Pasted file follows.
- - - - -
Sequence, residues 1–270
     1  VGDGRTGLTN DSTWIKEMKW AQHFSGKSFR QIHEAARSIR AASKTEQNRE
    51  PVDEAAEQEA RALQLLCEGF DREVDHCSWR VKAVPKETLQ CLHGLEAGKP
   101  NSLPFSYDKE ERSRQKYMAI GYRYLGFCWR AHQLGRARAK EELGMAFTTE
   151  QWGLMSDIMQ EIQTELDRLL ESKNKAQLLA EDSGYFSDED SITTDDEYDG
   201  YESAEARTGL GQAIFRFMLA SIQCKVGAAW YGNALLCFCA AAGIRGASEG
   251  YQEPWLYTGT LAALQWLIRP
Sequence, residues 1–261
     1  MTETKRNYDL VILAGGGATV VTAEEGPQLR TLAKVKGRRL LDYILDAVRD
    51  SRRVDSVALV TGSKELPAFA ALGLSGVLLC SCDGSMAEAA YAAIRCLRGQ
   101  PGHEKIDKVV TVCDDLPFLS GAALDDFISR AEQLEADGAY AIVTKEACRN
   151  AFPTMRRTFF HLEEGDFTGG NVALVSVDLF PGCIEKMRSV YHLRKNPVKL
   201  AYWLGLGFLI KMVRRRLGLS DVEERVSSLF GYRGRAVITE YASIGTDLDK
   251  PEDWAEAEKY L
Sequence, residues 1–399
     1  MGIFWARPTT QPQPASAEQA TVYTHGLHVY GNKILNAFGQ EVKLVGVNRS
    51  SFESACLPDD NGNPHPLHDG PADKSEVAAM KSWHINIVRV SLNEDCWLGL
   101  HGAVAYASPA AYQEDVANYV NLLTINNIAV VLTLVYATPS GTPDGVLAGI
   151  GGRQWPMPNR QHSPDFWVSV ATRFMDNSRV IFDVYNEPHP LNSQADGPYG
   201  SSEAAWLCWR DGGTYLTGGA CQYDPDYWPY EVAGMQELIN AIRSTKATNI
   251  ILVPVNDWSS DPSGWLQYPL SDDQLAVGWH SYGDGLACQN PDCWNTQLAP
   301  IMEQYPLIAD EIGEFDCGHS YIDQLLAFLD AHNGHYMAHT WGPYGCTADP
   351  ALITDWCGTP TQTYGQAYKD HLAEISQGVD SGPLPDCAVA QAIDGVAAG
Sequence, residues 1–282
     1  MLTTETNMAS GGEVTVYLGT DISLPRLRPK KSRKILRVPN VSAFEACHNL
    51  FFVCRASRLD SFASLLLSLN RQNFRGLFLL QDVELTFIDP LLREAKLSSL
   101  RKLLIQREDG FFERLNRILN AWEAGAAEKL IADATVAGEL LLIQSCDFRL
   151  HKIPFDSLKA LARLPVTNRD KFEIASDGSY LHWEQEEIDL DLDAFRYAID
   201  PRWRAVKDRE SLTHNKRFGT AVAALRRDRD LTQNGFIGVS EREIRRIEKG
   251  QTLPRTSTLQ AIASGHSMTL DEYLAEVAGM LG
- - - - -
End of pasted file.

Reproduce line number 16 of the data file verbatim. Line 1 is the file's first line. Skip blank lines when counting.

     1  MGIFWARPTT QPQPASAEQA TVYTHGLHVY GNKILNAFGQ EVKLVGVNRS